(16684) 1994 JQ1

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(16684) 1994 JQ1
Discovery
Discovered by Michael J. Irwin
Anna N. Zytkow
Discovery date 11 May 1994[1]
Designations
none
TNO (cubewano)[2]
Orbital characteristics[1]
Epoch 13 January 2016 (JD 2457400.5)
Uncertainty parameter 3
Observation arc 2569 days (7.03 yr)
Aphelion 46.514 AU (6.9584 Tm)
Perihelion 41.98212 AU (6.280436 Tm)
44.24783 AU (6.619381 Tm)
Eccentricity 0.051205
294.34 yr (107507 d)
4.47 km/s
328.550°
0° 0m 12.055s / day
Inclination 3.73761°
25.5755°
246.847°
Earth MOID 40.9663 AU (6.12847 Tm)
Jupiter MOID 36.725 AU (5.4940 Tm)
Physical characteristics
Dimensions 183 km[3]
Mass 6.4×1018? kg
Mean density
2.0? g/cm³
Equatorial surface gravity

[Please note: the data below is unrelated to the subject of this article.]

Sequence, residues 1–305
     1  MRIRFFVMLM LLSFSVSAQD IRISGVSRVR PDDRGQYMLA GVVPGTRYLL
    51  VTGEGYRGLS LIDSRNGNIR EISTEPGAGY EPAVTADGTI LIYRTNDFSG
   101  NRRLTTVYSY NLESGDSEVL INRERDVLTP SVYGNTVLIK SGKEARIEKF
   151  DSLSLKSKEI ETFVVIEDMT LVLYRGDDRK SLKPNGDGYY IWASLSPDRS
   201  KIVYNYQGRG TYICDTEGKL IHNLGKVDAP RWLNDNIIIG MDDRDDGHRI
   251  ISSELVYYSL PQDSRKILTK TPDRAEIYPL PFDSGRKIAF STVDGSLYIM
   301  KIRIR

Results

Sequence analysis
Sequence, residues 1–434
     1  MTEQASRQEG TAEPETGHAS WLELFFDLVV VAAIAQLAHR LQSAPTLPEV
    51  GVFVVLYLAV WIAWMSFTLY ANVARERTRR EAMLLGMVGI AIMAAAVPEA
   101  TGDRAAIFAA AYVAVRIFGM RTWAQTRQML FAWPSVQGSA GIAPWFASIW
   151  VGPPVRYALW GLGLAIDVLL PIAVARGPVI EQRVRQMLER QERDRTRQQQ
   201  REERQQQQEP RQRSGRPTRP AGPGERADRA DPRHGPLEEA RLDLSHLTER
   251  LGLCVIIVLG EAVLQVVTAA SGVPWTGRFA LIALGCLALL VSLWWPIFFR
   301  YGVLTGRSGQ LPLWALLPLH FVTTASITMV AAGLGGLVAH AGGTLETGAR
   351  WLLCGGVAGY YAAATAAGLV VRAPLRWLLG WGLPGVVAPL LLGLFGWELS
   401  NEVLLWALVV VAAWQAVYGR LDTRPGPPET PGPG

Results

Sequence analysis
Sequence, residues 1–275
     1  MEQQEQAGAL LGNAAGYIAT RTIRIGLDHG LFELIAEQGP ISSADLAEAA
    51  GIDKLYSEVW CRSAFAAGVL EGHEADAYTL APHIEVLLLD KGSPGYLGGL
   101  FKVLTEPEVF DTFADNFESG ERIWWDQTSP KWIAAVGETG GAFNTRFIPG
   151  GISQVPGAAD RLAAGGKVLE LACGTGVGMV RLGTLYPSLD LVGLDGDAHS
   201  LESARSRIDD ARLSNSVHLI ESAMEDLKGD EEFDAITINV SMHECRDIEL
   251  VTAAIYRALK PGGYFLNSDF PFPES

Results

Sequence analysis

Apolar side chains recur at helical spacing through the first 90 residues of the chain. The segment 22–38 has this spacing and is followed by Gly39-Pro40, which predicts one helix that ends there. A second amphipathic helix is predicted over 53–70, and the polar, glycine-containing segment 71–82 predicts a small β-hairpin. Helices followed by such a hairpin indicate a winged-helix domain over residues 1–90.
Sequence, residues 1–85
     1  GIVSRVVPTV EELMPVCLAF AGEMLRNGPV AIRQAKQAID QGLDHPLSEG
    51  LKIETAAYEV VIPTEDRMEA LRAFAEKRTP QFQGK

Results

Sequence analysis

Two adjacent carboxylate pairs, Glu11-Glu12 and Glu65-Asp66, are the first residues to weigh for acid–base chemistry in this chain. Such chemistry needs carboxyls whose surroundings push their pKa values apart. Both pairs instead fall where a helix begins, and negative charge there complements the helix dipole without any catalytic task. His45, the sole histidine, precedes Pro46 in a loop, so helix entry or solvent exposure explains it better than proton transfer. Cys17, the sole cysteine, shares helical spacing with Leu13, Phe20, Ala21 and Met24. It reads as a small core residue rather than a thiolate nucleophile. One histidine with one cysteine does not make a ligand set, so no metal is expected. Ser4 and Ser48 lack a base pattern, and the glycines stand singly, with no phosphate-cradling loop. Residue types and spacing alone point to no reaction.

0.0511? m/s²
Equatorial escape velocity
0.0967? km/s
? d
0.09 (assumed)
Temperature ~42 K
?
6.9[1]

(16684) 1994 JQ1, also written as (16684) 1994 JQ1, is a trans-Neptunian object of the cubewano class. It was discovered on May 11, 1994, by Michael J. Irwin and Anna N. Zytkow.

(16684) 1994 JQ1 is the third cubewano to be given an official Minor Planet Center catalog number.[4] The first two official cubewanos are (15760) 1992 QB1 and (15807) 1994 GV9.

References[edit]

  1. ^ a b c "JPL Small-Body Database Browser: 16684 (1994 JQ1)". 23 May 2001. Retrieved 5 April 2016. 
  2. ^ Marc W. Buie (23 May 2001). "Orbit Fit and Astrometric record for 16684". SwRI (Space Science Department). Retrieved 2008-09-29. 
  3. ^ Wm. Robert Johnston (22 August 2008). "List of Known Trans-Neptunian Objects". Johnston's Archive. Archived from the original on 28 September 2008. Retrieved 2008-09-29. 
  4. ^ "MPEC 2008-O05 : Distant Minor Planets (2008 AUG. 2.0 TT)". Minor Planet Center. 17 July 2008. Archived from the original on 7 December 2008. Retrieved 2008-09-29. 

External links[edit]